It’s uncertain if liquids have leached from the old dump into the ground water, which is at a depth of about 150 feet. David Bacharowski, environmental specialist with the water quality board, said the “verdict is not in” on that question. Helgerson of Lockheed said the potential for ground water pollution remains but that soil tests indicate that dump materials have not reached subsurface waters.

When the landfill was created during World War II, Lockheed was manufacturing P-38 fighter planes in the B-1 plant surrounding the old dump.

Dump Composition

Lockheed data shows that the dump’s composition is 50% to 60% soil, with the rest being debris, metal and chemical waste and moisture. More lead has been found in the dump than any other contaminant, with the most polluted soil sample being 23% lead–or 230,000 parts of the toxic metal per million parts of soil. The highest level of TCE measured in the soil was 23 p.p.m., Helgerson said.

Despite a large amount of construction debris, no asbestos has been encountered, Lockheed engineer Jim Hamilton said.

The excavation is being handled for Lockheed by OHM Corp., a Findlay, Ohio, firm involved in hazardous materials disposal.

Outwardly, the gaping hole appears to contain mostly dirt, with an occasional hunk of pipe or concrete poking through. A huge backhoe and front-end loader crawl about in the pit, with the backhoe tearing off piles of earth and the loader carrying it up the bank to waiting trucks.

A visit to the site Wednesday found equipment operators dressed from head to toe in protective clothing, including full-face respirators and booties. Even the truck drivers wore the gear, stripping it off as soon as they rolled their rigs away from the side of the pit. Every twenty minutes or so, a worker hosed off the excavation to hold down dust.

Air Monitoring

Under air quality regulations, Lockheed officials also said they are doing air monitoring to assure that hazardous air contaminants are not drifting off the site. And Hamilton, the Lockheed engineer, said every fifth truckload of waste is being sampled “to reassure us that what’s going out is what we think’s going out.”


Depressing too what good news articles the LAT produced back then. It was before they bought the Leader — which it was competing with!

Now it’s Rubber-stamp Time.  Yep, they got a Report. And look how big it is!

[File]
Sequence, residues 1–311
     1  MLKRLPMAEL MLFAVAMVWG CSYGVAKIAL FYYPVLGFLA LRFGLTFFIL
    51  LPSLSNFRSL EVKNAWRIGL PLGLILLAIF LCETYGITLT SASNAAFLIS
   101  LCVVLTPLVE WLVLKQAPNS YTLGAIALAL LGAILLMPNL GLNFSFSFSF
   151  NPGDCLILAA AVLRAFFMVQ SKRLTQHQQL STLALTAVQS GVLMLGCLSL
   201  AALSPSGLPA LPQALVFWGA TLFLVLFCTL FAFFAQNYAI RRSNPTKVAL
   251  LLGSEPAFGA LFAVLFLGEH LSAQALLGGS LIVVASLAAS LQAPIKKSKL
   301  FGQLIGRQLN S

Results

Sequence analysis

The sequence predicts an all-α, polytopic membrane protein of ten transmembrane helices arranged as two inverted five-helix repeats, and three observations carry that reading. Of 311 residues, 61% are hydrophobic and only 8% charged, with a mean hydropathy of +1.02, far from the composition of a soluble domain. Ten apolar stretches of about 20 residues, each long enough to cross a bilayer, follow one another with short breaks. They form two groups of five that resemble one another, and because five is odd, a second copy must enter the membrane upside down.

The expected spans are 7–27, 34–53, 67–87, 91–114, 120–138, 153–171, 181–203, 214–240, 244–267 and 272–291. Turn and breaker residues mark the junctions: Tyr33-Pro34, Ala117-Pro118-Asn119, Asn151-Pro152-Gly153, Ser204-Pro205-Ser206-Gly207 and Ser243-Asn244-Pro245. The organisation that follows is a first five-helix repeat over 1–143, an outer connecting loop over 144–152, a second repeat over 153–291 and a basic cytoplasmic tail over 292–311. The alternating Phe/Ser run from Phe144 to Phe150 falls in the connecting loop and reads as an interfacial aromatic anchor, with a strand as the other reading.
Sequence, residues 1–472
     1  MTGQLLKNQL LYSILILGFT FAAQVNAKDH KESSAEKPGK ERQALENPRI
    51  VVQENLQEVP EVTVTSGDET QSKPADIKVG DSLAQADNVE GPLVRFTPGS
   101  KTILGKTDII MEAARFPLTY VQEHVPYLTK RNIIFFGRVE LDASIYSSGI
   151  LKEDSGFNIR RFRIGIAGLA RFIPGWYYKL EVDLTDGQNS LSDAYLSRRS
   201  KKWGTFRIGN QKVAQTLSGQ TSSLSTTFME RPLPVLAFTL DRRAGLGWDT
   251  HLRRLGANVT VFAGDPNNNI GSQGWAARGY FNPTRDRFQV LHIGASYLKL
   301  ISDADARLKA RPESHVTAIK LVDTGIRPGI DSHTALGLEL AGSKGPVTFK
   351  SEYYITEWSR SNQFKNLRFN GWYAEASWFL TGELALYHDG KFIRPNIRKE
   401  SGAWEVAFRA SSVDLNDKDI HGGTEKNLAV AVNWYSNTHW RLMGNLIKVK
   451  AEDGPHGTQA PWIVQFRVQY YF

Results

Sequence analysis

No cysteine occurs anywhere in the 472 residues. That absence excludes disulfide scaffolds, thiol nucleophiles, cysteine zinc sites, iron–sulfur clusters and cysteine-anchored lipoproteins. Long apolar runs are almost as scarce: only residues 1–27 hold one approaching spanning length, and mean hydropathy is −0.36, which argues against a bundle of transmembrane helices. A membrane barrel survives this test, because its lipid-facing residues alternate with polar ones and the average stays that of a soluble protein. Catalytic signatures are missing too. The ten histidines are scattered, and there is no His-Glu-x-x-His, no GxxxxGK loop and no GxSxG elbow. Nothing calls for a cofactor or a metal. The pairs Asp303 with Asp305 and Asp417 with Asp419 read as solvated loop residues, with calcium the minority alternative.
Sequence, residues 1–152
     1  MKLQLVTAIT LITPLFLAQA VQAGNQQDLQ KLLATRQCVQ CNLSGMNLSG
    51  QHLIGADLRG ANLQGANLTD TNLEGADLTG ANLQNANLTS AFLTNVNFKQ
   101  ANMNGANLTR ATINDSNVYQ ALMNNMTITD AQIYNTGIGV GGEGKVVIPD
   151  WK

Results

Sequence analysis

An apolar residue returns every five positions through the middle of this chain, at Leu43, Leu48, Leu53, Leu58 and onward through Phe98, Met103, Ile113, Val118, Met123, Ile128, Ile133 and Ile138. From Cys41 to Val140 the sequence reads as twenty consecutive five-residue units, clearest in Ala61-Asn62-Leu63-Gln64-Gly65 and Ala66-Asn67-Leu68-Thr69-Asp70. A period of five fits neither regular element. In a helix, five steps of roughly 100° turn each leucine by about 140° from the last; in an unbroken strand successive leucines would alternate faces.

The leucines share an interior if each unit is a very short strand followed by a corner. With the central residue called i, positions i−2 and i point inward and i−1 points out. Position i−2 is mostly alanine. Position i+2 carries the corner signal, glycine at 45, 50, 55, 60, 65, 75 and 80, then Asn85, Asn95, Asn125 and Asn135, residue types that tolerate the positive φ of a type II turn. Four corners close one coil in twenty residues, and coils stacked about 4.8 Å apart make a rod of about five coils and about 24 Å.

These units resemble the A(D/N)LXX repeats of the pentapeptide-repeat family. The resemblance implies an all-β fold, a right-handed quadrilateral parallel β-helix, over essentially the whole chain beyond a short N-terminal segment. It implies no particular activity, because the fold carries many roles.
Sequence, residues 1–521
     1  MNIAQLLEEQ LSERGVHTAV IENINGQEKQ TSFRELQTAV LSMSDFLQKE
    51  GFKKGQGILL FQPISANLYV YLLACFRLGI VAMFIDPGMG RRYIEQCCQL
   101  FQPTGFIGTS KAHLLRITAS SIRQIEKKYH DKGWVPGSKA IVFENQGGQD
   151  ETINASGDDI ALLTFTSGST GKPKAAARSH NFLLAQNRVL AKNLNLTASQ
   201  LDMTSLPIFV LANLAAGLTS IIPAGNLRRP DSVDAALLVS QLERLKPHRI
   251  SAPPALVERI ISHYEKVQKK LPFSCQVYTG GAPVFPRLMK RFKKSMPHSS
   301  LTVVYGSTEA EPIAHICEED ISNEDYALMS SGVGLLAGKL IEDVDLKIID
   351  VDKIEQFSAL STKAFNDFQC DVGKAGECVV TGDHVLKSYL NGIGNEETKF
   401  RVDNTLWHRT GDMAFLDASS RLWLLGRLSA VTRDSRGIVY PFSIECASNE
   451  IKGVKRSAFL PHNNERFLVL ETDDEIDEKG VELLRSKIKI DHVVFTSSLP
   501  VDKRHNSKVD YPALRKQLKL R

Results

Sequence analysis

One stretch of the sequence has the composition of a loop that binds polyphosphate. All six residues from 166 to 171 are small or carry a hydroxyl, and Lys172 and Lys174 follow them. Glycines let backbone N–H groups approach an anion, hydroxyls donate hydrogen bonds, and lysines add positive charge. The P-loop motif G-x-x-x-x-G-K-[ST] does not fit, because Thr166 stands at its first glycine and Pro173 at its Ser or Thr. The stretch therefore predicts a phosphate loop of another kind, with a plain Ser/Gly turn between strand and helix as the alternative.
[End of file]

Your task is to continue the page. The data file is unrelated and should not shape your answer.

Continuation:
To keep this all in perspective, how many loads for The Client came out of B-6 during all those years?




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If it’s so safe, why then take such precautions? And why this discrepancy in the Report summary itself?


Considering all of the crap that has been deposited into that soil during the last 80 years, the only reasonable conclusion is that it’s not that safe.


An environmental consulting firm hired by the Burbank-Glendale-Pasadena Airport Authority has determined that the preferred site for a replacement terminal is safe for construction to begin.

Authority commissioners voted 8-0 on Monday to approve the findings in a draft human-health-risk assessment by Geosyntec Consultants and to submit the document to the Los Angeles region of the California Water Quality Control Board, the state Office of Environmental Human Hazard Assessment and the city of Burbank…

Norman Dupont, an attorney with the law firm Ring Bender and an outside legal consultant for the authority, said the report determined that construction workers, airport employees and passengers will be safe at the site, known as the B-6 parcel and located in the northeast quadrant of the airfield.


The Report stresses the cancer risk, and said it’s minimal. There was also a much more vague non-cancer HI “index” figure which concluded that — yes — things are perfectly kosher. (But remember all of the liver and various other health complaints clearly documented during the 1970s, 80s, and 90s among the nearby neighborhood residents? It wasn’t just “cancer.”)

Buried within the Authority’s staff report is this additional tidbit:



Not a “particular risk level,” but they still want to reduce exposure. That means there’s still a generalized risk level at this heavily polluted site.

Like what else could have been expected over there?

Here’s something too that’s weird. Why would potential exposure to an airport worker be “at or below de minimis levels,” but to an actual construction worker, the same potential exposure is noted as “well below”?

It should be the other way around. Unlike during construction, the airport workers aren’t working in the dirt.



No one else noticed this discrepancy?

The “well” language — clearly intended to be PR-hype as applied to the construction of the terminal — calls into question the conclusions of the very survey itself. Compared to that of a simple airport worker above ground, in a practical, real-world sense it can’t be true.

Regardless of whatever statistical/environmental hocus-pocus is going on here to justify the two working conditions vis-a-vis acceptable exposure, it’s the same dirt!





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“We moved to Burbank for the schools…”



What’s the use.